Turkey is raising tariffs on imports of certain goods from the US, including cars, alcohol and tobacco. The Turkish vice president says it’s a response to Washington’s ‘deliberate attacks’ on the country’s economy.
The list of goods subject to the newly raised tariffs was published in the Turkish Official Gazette early on Wednesday. Commenting on the new measure, Vice-President Fuat Oktay tweeted that it was taken “under the principle of reciprocity” against “the US administration’s deliberate attacks on our economy.”
The Turkish national currency, the lira, has been plunging as Washington doubled its tariffs on aluminum and steel imports from the country to 20 and 50 percent, respectively. So far this year, it has lost 40 percent of its value against the US dollar, dipping to a historic low.
The Turkish government previously said it was taking measures to counteract the massive hit, without specifying their nature. Turkish President Recep Tayyip Erdogan accused the US of seeking “to force Turkey to surrender in every field from finance to politics, to make Turkey and the Turkish nation kneel down.” He also urged Turks to ditch the dollar to support the lira.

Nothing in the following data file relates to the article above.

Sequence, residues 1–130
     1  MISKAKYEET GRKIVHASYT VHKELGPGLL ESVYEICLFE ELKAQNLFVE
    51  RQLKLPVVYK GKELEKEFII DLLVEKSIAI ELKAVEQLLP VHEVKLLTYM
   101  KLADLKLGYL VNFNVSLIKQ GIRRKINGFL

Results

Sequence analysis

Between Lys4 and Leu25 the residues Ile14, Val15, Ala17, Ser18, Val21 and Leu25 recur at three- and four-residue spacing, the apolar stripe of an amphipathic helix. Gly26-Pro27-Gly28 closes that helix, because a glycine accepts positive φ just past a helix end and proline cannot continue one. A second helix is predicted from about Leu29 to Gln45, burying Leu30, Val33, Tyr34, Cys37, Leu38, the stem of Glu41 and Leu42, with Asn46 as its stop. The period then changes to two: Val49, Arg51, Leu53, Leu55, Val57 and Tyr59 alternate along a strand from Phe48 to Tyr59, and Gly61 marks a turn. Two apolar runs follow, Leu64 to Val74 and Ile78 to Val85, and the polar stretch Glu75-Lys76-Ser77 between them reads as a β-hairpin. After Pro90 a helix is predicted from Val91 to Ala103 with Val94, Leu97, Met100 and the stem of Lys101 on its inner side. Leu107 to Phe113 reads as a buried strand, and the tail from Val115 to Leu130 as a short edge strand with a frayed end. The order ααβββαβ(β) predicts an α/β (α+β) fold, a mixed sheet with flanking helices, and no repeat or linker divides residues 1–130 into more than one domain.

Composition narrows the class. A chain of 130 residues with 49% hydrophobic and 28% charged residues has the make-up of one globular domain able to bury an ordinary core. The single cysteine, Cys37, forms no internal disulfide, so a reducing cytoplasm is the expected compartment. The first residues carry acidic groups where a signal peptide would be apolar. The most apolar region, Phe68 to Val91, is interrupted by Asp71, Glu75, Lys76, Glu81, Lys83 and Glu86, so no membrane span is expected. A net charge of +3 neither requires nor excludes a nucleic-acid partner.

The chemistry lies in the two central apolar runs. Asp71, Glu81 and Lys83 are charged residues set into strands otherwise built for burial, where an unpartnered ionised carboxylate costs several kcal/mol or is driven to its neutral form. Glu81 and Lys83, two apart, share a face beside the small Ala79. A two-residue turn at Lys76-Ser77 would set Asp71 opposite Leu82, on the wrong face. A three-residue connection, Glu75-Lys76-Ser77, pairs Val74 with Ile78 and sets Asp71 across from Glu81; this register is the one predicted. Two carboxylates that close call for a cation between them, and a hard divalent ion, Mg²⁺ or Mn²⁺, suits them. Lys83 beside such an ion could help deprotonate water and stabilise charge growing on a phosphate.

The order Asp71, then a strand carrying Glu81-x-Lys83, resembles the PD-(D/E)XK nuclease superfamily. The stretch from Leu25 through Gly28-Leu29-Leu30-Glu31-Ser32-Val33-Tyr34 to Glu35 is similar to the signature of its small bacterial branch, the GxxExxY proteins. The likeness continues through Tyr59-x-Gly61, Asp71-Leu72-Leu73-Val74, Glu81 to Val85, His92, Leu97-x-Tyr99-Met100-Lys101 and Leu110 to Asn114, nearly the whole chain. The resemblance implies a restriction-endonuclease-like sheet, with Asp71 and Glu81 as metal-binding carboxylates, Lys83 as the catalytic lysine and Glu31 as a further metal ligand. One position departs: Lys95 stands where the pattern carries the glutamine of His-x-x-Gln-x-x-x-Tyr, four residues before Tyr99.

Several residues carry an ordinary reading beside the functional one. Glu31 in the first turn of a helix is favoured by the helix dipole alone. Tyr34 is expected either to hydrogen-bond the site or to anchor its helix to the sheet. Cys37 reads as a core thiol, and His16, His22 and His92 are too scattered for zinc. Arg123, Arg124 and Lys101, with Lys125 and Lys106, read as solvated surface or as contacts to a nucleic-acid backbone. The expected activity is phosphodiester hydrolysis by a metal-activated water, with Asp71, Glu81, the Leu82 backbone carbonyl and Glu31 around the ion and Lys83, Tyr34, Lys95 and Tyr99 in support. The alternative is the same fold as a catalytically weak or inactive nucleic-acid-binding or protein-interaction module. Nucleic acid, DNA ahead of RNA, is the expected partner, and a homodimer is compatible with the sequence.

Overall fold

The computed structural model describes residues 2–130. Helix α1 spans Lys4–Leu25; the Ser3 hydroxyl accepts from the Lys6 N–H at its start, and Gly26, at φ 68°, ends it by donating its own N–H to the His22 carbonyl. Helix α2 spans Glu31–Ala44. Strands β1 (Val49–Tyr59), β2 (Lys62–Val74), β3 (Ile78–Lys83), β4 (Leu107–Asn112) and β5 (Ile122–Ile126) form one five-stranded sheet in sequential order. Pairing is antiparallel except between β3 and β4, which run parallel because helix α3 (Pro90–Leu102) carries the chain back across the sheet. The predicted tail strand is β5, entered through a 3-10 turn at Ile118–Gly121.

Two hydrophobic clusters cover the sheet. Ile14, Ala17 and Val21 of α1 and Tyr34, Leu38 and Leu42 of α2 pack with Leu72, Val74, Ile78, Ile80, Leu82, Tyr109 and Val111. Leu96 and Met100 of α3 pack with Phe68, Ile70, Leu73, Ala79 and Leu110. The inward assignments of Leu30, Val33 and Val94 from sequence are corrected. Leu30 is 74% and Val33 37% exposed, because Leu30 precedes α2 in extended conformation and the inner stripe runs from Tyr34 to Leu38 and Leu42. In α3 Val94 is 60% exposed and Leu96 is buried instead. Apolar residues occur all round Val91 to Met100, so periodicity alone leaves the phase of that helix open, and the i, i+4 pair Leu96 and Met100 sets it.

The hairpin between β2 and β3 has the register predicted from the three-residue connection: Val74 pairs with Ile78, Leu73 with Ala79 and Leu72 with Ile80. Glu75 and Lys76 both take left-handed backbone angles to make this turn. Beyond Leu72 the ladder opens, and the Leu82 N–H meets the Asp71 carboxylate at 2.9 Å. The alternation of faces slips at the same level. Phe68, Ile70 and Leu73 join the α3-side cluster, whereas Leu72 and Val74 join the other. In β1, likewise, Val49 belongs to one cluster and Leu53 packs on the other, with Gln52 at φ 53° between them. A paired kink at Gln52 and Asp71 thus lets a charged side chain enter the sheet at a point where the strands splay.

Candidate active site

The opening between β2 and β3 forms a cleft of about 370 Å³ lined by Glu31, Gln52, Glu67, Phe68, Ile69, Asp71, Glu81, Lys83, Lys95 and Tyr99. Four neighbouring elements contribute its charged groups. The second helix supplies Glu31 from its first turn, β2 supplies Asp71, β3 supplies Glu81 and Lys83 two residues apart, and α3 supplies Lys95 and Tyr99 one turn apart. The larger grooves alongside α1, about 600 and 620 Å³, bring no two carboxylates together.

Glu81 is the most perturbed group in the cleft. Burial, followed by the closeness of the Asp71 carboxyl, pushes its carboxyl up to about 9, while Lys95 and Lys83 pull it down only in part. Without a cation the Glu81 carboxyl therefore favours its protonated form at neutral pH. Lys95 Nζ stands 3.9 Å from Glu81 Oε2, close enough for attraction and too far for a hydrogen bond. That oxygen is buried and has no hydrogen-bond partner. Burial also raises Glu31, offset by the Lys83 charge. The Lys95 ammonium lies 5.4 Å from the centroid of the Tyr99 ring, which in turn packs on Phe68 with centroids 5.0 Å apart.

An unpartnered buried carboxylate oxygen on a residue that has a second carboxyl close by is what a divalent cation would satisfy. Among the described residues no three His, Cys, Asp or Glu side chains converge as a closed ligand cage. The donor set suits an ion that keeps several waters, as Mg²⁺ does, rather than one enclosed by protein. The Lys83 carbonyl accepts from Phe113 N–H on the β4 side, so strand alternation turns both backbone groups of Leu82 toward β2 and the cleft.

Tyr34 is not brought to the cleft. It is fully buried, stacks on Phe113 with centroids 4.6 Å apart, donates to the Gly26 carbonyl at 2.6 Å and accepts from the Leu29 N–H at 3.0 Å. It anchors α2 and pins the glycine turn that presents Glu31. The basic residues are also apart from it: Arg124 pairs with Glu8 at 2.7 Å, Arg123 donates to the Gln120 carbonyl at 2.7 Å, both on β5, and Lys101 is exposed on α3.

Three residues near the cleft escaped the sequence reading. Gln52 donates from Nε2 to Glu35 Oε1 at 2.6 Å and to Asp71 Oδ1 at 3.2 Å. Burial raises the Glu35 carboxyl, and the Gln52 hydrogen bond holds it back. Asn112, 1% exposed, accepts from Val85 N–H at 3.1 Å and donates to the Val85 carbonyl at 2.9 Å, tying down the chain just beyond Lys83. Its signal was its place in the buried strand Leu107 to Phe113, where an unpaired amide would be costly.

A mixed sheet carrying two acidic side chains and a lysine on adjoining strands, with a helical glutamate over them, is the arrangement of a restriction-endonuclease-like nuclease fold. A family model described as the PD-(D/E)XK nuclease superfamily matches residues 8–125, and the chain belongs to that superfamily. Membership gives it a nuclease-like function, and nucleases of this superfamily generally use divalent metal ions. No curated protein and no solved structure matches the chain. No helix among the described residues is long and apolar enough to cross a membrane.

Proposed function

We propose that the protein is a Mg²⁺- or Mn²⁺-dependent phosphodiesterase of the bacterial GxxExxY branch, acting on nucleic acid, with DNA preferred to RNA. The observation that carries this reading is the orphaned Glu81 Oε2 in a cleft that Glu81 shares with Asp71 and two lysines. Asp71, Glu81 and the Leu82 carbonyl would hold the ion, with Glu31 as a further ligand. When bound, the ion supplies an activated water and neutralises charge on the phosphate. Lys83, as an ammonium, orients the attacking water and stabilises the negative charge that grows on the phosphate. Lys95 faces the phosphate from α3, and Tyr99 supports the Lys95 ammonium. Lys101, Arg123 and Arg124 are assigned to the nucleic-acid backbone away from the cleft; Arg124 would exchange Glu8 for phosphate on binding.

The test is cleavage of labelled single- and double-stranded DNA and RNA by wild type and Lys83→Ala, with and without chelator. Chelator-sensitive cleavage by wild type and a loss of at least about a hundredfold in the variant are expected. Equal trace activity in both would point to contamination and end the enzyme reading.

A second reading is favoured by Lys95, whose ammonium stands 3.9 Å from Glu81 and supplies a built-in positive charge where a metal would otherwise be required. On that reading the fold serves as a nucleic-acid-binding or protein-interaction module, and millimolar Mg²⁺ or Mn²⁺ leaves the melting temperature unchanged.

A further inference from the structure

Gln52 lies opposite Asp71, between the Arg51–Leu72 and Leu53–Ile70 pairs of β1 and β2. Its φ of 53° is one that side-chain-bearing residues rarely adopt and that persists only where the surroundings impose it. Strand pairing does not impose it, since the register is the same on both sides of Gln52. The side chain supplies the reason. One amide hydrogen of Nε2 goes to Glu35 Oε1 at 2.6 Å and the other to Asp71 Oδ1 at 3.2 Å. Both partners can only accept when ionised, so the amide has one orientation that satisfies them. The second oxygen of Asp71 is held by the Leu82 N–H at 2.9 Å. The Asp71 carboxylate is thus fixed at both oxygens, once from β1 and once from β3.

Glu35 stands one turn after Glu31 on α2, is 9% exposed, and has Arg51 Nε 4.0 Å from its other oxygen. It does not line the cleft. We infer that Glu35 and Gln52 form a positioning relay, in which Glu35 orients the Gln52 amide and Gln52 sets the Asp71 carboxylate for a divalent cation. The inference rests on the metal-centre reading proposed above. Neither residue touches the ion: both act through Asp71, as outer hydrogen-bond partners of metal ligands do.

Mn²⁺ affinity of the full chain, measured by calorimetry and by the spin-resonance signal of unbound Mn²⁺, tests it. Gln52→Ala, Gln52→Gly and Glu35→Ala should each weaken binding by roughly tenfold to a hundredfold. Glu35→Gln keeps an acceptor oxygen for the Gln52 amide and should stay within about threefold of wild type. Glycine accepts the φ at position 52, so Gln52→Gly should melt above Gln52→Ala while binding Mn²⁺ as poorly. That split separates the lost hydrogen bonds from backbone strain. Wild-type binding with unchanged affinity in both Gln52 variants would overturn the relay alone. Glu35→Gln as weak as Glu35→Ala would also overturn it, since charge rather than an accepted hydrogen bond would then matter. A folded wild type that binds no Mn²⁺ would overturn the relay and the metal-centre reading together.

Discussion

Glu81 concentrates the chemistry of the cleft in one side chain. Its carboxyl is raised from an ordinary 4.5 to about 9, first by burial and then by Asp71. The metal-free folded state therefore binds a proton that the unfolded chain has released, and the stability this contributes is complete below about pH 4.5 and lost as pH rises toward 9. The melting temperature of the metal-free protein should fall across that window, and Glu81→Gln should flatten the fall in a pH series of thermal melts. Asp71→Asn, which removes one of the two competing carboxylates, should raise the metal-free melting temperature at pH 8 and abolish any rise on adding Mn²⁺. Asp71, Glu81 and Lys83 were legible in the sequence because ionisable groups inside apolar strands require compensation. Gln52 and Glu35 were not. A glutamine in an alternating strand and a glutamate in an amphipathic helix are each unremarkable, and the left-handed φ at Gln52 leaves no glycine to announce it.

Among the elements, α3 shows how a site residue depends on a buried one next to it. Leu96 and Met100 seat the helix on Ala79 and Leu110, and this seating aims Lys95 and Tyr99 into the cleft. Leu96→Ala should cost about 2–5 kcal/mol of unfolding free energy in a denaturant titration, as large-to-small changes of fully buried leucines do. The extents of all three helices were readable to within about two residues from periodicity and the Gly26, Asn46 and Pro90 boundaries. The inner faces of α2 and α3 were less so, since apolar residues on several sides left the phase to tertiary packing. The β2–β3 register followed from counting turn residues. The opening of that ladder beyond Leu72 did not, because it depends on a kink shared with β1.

Turkey and the US are currently at loggerheads over the arrest of US evangelical pastor Andrew Brunson on terrorism charges in Turkey. Brunson was detained in connection with the failed military coup to oust the country’s president in 2016, which Ankara blames on religious leader Fethullah Gulen, who is living in self-imposed exile in the US. Brunson is facing up to 35 years in prison if found guilty, and Washington wants him freed. In July, US President Donald Trump vowed to impose sanctions on Turkey unless Brunson is liberated. The White House announced sanctions on the Turkish justice and interior ministers, prohibiting US citizens from doing business with them.
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